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How to prevent your cat from escaping your home

white and brown cat with head sticking out the door

Don't let your cat escape your home with these tips

© Shutterstock

How do you stop your cat from running for the door every time there is a chance of escape? Here’s how to keep them safe and happy too.

By Karen Wild, CCAB Certificated Clinical Animal Behaviourist

Updated on the 08/02/2021, 13:30

You may wonder if you are doing something wrong if your indoor cat is so keen to leave the house. Is it healthy for a cat to be kept in the house for long periods of time? The answers may depend on their needs, so let’s take a closer look.

How to keep a cat from running away?

The reasons you adopted a cat will be varied. You might have wanted a cuddle companion, or to look after and care for an animal, which can be very rewarding, or in times of trouble, enjoy its soothing feline friendship.

An indoor cat, however, may not share your goals.

Why does my cat keep escaping?

What you probably did not bank on until now was the fierceness of the competition between you - and the great outdoors - for your cat’s affection. Indoor cats are only there because we made that choice for them, and would most likely be happiest in the local trees and gardens of your neighbours, stalking mice in the fields and not being made to wear a harness and leash. However, some cats are at risk from being run over by cars, or attacked by other cats (or local predators in some countries). Explaining this to your cat is impossible, so it’s important to work out how to keep your cat from even wanting to go outside. Indoors can be much nicer if we make it so.

How to stop my cat from running out the door?

Most cats (and all kittens) will, from time to time, want to explore the outdoors. That is just in their nature. The problem is some cats are keener than others to spend time outside. If you own an escape artist cat that enjoys spending more time out than in, things can get a bit fraught, especially if you spend half your time chasing them. In order to stop a cat from escaping, you may – to begin with – want to consider taking some of these simple measures:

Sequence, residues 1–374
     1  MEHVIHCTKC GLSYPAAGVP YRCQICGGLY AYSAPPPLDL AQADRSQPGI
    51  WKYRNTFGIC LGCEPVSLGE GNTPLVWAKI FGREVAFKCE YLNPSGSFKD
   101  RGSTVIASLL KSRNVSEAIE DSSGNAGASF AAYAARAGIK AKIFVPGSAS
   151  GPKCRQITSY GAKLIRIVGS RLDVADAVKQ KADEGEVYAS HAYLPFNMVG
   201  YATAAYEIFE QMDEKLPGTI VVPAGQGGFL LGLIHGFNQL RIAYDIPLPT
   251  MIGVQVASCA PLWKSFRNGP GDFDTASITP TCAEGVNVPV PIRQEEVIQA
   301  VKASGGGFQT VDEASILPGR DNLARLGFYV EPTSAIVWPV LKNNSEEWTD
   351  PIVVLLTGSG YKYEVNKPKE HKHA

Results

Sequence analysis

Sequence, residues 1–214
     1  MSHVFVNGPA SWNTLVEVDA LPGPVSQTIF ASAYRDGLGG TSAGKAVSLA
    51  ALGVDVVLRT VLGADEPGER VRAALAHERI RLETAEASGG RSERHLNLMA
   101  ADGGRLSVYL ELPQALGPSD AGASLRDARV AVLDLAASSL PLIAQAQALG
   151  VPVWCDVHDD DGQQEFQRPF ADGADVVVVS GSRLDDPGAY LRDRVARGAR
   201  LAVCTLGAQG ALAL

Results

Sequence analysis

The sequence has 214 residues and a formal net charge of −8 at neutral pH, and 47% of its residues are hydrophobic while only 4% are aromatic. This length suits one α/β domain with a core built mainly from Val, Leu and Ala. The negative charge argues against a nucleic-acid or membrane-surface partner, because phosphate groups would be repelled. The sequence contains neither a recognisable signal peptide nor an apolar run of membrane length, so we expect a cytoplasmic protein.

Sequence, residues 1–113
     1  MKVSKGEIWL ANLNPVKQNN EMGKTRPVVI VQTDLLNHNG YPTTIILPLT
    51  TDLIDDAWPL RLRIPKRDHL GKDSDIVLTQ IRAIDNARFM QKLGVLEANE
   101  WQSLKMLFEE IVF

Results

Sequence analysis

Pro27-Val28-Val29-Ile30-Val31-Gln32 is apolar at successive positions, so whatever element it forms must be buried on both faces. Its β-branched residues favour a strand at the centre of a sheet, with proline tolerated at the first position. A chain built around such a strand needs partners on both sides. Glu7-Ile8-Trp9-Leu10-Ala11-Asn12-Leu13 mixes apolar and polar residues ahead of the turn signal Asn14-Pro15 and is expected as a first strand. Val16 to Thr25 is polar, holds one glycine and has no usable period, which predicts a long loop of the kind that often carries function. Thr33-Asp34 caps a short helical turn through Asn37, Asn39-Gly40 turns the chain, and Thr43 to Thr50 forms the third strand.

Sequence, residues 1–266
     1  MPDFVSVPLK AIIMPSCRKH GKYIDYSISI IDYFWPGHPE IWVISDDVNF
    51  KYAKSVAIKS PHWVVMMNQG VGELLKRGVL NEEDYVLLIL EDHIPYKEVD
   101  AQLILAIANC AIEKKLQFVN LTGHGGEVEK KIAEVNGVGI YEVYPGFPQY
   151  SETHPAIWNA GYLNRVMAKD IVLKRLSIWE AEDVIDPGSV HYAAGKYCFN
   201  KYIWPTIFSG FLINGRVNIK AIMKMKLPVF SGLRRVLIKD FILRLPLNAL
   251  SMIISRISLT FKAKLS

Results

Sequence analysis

One door for the cat, one for the human

Cats have lightning-fast reactions. If your cat is also one that enjoys the outdoors you will have discovered by now that opening a door is an open invitation to the cat to disappear. Try designating one door of the house for the cat’s coming and going. Provide extra screens, porches or gates around doors where your cat may dash out easily.

Train your cat to be obedient

Despite what many people think cats can be trained to do certain tasks. Teach your cat to sit and stay in order to prevent her from leaving the house when you do not want her to. You may even try a recall in times of unwanted escapes. Take a box of treats with you around the house, rattle it and call your cat! Give them a treat every time they arrive.

Install a cat flap

Clearly a cat flap (or cat door) is the ultimate prevention of an unwanted escape. Most cat flaps can be locked shut, putting an end to your cat’s wanderlust (at least for the time being). This can prevent cats getting out at night when it’s perhaps less safe, and allowing them to roam in the day when they can then come back for dinner.

Read on to find out how to teach your cat to use a cat flap

The positive effects of feline neutering

One of the primary attractions for any cat not neutered is another cat also unneutered. Always spay or neuter your cat.
When they are in season, animals are attracted to each other, and the desire to mate is extremely powerful, and lasts for a long time with the cat crying to get out.

Should you ever let your cat venture out alone?

There are some owners who will not let their cat outside. But by doing so, some argue, they are curbing the cat’s natural instincts.